In the United States, Congress is still debating whether to raise the country's debt ceiling, which now stands at more than $14 trillion. And across the Atlantic, the European Union is mulling over plans to bail out nearly-bankrupt Greece, which now carries the world's worst credit rating. That's a snapshot of the developed world.
For a breath of fresh air, investors might take a look at emerging markets. Over the next few years, emerging markets nations like China are expected to grow at a much higher rate than their developed-world counterparts, and their debt-to-GDP ratios pale in comparison. In addition, policymakers in emerging markets continue to raise interest rates, boosting their currencies. For example, the Brazilian real has appreciated roughly 4 percent so far this year against the struggling U.S. dollar. And the Russian ruble is up 8 percent year-to-date against the dollar.
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"The tables have turned," says Tom Roseen, head of research services at Lipper. Many developing markets nations were less affected by the financial crisis that began in the United States, and they have emerged stronger since then. Investors have taken note: Assets in emerging markets bond funds have more than quadrupled since the beginning of 2006, reaching about $50 billion, according to Lipper.
The rationale is simple: Emerging markets bond funds offer generous yields, and expected growth rates in these countries are high. Plus, there is potential for their currencies to appreciate against the dollar. "There really has been a paradigm shift in how clients are viewing non-dollar asset classes," says Rick Harper, director of currency and fixed income at WisdomTree, an investment firm that specializes in exchange-traded funds. There are a number of ways to invest in emerging markets debt.
One option is ETFs that invest in local currencies, the largest of which is WisdomTree Emerging Markets Local Debt (symbol ELD). It's an actively-managed ETF that occasionally shifts its holdings based on a country's fiscal discipline. The fund currently holds local sovereign debt in 14 countries throughout the world, and its three largest holdings are Brazilian, Indonesian, and Malaysian government bonds.
The majority of assets in emerging markets debt funds reside in mutual funds (about $45 billion, according to Lipper). The recently launched T. Rowe Price Emerging Markets Bond Fund (PRELX) is heavily invested in debt issued by the governments of Brazil and Mexico, and also holds sovereign debt from other countries, including Russia, Turkey, Malaysia, and Thailand. "[The fund has] a yield that's pretty attractive and assets that have a reasonable credit rating," says co-manager Chris Rothery.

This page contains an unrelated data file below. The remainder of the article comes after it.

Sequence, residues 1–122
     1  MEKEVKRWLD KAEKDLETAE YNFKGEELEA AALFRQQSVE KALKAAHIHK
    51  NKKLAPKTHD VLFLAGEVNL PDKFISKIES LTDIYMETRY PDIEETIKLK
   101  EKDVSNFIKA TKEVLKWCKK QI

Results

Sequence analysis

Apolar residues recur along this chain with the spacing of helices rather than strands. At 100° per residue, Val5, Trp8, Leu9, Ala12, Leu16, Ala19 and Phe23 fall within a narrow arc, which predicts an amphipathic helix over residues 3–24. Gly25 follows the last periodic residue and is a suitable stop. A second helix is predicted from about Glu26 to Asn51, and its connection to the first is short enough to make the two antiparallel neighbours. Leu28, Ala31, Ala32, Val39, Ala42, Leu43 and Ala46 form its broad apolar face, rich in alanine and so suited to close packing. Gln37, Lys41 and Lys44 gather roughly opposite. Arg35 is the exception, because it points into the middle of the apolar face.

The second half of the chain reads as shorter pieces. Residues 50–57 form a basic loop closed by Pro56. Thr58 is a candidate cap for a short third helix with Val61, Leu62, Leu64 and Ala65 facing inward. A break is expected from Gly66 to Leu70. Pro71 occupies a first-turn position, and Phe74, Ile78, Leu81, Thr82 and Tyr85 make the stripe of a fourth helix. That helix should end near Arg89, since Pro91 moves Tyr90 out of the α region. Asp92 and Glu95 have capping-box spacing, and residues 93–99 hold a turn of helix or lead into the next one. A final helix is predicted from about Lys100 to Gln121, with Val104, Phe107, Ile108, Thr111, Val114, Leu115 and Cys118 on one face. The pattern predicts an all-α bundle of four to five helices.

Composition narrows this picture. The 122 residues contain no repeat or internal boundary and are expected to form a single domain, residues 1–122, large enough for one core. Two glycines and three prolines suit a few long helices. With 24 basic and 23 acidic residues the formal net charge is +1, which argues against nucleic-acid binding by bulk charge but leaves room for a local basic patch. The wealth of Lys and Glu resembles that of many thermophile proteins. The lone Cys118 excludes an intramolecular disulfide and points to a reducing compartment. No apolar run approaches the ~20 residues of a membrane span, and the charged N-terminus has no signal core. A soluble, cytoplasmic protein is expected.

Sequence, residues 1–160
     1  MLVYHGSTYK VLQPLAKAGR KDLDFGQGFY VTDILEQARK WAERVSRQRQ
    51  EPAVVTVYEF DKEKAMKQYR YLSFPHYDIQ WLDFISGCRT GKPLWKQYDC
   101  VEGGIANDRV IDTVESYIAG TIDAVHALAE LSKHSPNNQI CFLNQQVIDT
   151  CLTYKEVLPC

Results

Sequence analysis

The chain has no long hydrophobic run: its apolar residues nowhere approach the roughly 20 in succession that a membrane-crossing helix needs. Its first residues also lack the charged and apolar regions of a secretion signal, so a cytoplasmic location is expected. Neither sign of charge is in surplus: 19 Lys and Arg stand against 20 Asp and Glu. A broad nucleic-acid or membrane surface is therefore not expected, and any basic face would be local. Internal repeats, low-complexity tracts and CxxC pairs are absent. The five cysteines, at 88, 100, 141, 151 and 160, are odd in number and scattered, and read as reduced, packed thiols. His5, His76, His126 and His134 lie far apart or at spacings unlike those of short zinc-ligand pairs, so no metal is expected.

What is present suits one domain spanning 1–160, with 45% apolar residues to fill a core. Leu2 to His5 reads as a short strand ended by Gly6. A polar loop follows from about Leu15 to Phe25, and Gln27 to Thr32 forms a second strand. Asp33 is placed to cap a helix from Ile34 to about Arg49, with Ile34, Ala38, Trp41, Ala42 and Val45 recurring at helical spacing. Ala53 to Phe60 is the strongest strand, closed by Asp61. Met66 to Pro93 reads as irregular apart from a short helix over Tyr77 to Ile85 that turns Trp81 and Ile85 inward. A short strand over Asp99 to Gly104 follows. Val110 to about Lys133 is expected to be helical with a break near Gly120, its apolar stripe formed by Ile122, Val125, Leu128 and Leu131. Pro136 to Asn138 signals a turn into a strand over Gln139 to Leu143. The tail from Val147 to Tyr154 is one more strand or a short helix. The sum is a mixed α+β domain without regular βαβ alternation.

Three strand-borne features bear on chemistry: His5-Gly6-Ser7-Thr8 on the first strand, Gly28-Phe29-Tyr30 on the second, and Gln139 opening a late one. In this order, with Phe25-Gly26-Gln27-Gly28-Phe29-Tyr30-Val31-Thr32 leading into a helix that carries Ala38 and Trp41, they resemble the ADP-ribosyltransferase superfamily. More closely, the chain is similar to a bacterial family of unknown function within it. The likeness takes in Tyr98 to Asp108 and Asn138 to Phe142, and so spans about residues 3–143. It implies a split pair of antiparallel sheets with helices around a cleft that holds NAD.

Most managers of emerging markets bond funds don't hedge their foreign currency exposure—meaning they invest directly in the local currencies. However, Luz Padilla, manager of DoubleLine Emerging Markets Fixed Income Fund (DBLEX), says there is plenty of money to be made in emerging markets debt without taking on any local currency risk. She invests primarily in corporate debt denominated in U.S. dollars.
Increased risk comes with investing in local currencies, Padilla says. "What really stands out is the standard deviation," which measures an investment's volatility, she says. Since the DoubleLine fund's April 2010 inception, it has maintained a standard deviation of 2.79 percent, while the J.P. Morgan Emerging Markets Government Bond Index, which tracks local currency debt, has a standard deviation of 10.49 percent.
As corporations in emerging markets begin to issue more debt and become more stable companies, Padilla says they're becoming better investments that provide attractive yields. Since mid-2003, the default rate for emerging markets corporate bonds has been lower than the default rate for U.S. companies, she says. "You really are taking on companies that are on stronger footing if you were just to look at their balance sheets," Padilla says. The fund's three largest allocations are to Brazilian, Russian, and Mexican bonds.